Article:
Dodds calls for extension of national support schemes beyond April
Economy Minister Diane Dodds today called on Chancellor of the Exchequer Rishi Sunak to extend the Coronavirus Job Retention Scheme (CRJS) and Self-Employed Income Support Scheme (SEISS) beyond April this year.
The Minister was speaking after figures published by HMRC revealed around 94,800 workers in Northern Ireland were furloughed using the CJRS as at 31 December last year - an increase from approximately 68,000 furloughs at 31 October.
The figures also revealed that around 52,000 self-employed individuals in Northern Ireland had claimed the third SEISS grant up to the same date - around 55% of eligible self-employed workers in Northern Ireland.
“These are startling figures which underline the continued economic costs of Covid-19 on individuals and their livelihoods. I have always been clear that the furlough and the self-employed schemes are essential and must remain in place until there are clear signs of economic recovery.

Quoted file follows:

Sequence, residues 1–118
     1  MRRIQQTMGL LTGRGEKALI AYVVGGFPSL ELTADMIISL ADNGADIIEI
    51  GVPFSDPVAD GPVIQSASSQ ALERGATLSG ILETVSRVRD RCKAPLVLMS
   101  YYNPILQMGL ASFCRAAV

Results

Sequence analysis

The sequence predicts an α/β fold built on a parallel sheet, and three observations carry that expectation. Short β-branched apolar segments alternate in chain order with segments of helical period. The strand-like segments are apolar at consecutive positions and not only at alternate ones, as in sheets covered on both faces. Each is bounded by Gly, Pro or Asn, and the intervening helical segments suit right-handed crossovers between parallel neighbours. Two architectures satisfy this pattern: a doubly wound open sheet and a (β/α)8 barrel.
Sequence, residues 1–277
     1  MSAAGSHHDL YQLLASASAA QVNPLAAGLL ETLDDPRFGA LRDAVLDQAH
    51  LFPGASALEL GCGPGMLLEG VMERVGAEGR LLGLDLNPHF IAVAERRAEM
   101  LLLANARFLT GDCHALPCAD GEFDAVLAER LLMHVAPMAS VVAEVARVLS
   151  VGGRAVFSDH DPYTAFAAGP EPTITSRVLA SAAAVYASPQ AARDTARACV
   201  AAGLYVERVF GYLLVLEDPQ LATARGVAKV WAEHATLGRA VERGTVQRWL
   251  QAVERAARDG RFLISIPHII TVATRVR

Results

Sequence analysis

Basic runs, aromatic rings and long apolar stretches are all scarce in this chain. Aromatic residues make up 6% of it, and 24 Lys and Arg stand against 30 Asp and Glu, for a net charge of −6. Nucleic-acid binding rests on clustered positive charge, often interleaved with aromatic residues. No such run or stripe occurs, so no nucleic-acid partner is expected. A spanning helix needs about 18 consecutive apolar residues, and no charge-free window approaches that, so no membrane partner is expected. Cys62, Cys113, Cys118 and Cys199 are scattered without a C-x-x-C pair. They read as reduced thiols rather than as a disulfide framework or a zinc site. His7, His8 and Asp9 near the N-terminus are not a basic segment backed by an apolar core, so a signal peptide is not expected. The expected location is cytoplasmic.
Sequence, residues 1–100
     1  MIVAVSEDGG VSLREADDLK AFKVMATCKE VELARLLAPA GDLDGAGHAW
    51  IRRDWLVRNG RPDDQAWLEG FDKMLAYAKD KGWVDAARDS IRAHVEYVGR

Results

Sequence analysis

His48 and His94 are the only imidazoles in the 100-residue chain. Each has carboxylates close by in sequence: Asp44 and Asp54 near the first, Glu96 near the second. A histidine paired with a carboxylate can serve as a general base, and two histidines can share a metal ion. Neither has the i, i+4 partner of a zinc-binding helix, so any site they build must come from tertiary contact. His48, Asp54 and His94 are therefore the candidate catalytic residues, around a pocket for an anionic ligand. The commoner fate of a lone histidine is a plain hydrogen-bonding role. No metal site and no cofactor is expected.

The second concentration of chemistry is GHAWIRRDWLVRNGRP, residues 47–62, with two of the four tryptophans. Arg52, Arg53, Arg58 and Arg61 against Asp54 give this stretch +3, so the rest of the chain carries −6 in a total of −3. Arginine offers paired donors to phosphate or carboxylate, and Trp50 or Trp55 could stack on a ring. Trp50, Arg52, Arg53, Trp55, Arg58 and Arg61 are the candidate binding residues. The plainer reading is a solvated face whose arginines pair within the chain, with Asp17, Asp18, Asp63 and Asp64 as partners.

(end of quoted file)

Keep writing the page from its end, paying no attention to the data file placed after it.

“Since last March, I have lobbied hard with national government on this issue and I will continue to do so. It is vital workers across Northern Ireland must be able to access the support they need, not just to protect their livelihoods now, but to be in a position to plan ahead towards recovery with some degree of certainty.
“It is so important that we get infections under control and allow people and business to get back to work as soon as is feasible in order to begin the process of recovery. However, these figures demonstrate that too many workers are still reliant on this essential support. Therefore it is too early to consider stopping it.
“That is why I am calling on the Chancellor to extend both schemes beyond the end of April 2021.”
According to HMRC figure, Northern Ireland has a 12% take-up rate on the CJRS of eligible employments as at 31 December. This is as increase on the 8% take-up rate at the end of September.
Around 52,000 self-employed individuals in Northern Ireland had claimed the third SEISS grant up to 31 December 2020, totalling £143m. This is an average value of £2,700 in terms of claims made.